Why the New iPad Pro Could Be Your Next Camera

3 minute read

When the first iPad came out in April 2010, it didn’t even have a camera. At the time, the device was marketed as the first in a new category that fell between a conventional laptop computer and an iPhone.

It was only in 2011 that Apple added a 0.7 megapixel camera to the iPad 2. The number of pixels has gradually increased over the years, but the iPad has remained relatively low-tech as far as cameras go. Still, that hasn’t prevented people from using their iPads as one. In New York City, you can see them everywhere: from the statue of liberty to Times Square, or at concerts. Often, they are surrounded by people chuckling. Tumblr accounts have been created to mock them, and articles warn that Friends Don’t Let Friends Take Photos With an iPad.

But is this about to change?

Apple’s new 9.7-inch iPad Pro now sports the same advanced camera system as the iPhone 6S. Featuring 12 megapixels, a fast f/2.2 aperture lens, and the powerful A9X processor, the camera can take sharp images in most conditions. The results are good enough in low-light situations and excellent in bright settings.

When the iPhone 6S came out last year, we asked for photographers’ feedback. For Benjamin Lowy, the quality of the resulting images was impressive, “especially for such a small sensor,” the photojournalist told TIME. “When you print them, they hold up very well. There’s a lot of information there.” So you can expect the same amount of information in images shot with the new iPad Pro.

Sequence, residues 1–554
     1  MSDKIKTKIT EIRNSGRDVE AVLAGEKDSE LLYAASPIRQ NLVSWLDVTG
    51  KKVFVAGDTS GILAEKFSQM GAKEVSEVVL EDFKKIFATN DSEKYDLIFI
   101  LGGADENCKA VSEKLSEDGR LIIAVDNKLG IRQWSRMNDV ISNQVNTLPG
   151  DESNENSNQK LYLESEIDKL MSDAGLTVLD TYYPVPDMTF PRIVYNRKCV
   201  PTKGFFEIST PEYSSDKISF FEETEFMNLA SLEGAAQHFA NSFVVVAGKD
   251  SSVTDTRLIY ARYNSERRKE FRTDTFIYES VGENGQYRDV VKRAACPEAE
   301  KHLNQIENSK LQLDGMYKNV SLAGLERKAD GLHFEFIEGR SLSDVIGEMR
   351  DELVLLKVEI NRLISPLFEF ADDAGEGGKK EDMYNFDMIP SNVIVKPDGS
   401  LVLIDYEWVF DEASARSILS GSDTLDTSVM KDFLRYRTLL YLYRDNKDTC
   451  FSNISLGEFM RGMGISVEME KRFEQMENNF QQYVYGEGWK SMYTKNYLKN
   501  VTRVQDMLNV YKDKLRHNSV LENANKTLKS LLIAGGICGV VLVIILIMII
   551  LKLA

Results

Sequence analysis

(Gifts: The 100 Most Influential Images of All Time)

The major difference is the device’s screen size. Suddenly, you have a 9.7-inch viewfinder — more screen real-estate to carefully compose and frame your images. Third-party apps like Adobe Capture can up the ante with tools like a digital level to ensure that your images are straight. And the screen’s size makes it the perfect device when post-processing your images. We tested Adobe’s Photoshop Fix to smooth out or sharpen our images, using our fingers or the Apple Pencil for precision work.

The result is an incredibly fast and powerful capture-to-sharing mobile device that should, from now on, be taken seriously. Of course, we can’t guarantee you won’t be getting weird looks — it still looks strange to pull out such a large device to take photos. But, as the saying goes, the best camera is the one you have with you.

Gifts: The 100 Most Influential Images of All Time

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